SASHA, TAKE OUT THE RUBBISHMeyerhold Centre, Moscow
Участник программы «Russian Case» Фестиваля 2016 года
Director: Viktor Ryzhakov
The Ukrainian playwright Natalia Vorozhbit wrote a mystical, eerie text about the war time with a simple story about a military man who is thought to have perished in the war. All of a sudden he returns to his family, and here the story becomes an epic tale: society needs only dead heroes in order to justify its heroic past. The family and relatives do not need living or resurrected heroes. The deceased husband and father is doomed to wandering: he has done his duty and the homeland throws him aside like a used resource. Director Viktor Ryzhakov makes the actors perform against the background of a huge brick wall that goes right up to the sky. The audience sits so close to the wall that there is no leg room. The characters look flattened, almost two-dimensional with their simple-minded conversations about household routines. These conversations reveal a huge gap between the woman’s mission to hide from the hardships of life behind tribulations of everyday life and the heroism of a warrior born to die gloriously and be disgracefully forgotten amidst the bustle of day-to-day life.
SASHA, TAKE OUT THE RUBBISH might be the only show where a spectator wouldn’t dare to sit in the first row without the actress’s approving nod: after all, she also has her personal space. The best places here are the ones where you can stand up and touch with your hand the flat, brick-fronted set. You will have to look bottom up, but you wouldn’t be allowed to relax, like in a commuter train in peak hours: an experience of “extreme theatre”, having nothing to do with bourgeois amusement, - is not a bad addition to the treatment of war.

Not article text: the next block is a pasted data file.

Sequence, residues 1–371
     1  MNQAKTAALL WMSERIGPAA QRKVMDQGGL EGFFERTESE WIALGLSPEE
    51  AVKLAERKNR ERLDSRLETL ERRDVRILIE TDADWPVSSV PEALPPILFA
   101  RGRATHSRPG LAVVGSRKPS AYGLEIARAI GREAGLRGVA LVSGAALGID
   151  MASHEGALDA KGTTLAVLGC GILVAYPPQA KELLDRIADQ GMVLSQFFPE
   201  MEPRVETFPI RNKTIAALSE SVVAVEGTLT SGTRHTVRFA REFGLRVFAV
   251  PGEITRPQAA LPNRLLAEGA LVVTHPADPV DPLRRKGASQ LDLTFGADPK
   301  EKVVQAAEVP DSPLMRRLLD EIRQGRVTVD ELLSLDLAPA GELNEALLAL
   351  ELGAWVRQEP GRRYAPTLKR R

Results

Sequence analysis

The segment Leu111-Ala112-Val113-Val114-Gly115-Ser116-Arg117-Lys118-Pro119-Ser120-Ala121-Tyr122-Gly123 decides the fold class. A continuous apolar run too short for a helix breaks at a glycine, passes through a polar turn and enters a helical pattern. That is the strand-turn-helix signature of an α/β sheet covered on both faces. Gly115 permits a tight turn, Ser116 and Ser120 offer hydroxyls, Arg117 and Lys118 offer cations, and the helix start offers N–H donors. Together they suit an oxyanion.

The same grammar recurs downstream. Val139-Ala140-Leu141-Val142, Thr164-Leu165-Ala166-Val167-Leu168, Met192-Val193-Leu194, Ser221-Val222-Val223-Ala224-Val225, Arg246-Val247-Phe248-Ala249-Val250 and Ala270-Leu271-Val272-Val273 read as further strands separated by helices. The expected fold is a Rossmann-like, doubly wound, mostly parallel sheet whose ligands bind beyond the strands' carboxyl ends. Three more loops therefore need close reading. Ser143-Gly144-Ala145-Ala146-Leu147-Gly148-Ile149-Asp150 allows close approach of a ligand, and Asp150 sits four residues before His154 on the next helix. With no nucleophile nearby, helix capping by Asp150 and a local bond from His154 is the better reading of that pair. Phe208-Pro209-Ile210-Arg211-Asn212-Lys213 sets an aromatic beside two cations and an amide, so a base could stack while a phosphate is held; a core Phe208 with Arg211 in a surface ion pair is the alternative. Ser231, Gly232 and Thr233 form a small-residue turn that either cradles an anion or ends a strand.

Spectators find themselves invited to a home. They are welcomed by a fully-laid table, with herring, potatoes, cured pork fat, pies – all as it should be, typical Ukranian treats. You won’t see a stage in the room, and this is not surprising, - there is no stage. Instead of a stage with the set there is only a concrete wall, where you see the outline of a bathtub magically appear. Here the characters will cry, sing songs, play the violin and make jokes…
MIR 24 TV Channel
It is difficult to say what triggers the imagination, makes our fantasy go wild, launches the mechanism of pain. It is almost impossible to write about this small-scale production by Victor Ryzhakov, based on a play by Natalia Vorozhbit, a playwright from Kiev. Only fifty minutes long, it has two actresses and one actor in it, you can say there is almost no set – only a solid brick wall and a short segment of video projection created by Olga Nikitina. Closer to the end we hear the Wind of Change by Scorpions, which was sung on Potsdamer platz a year after the fall of the Berlin wall. Flashes of fireworks, or maybe explosions of bombs – are projected on the flat brick wall – this is how the production ends. Fifty minutes at the Meyerhold centre are like a crevice, a crack in time, a trauma lasting for a quarter of a century, from pulling down one wall to building new ones – those that now divide the once undividable world.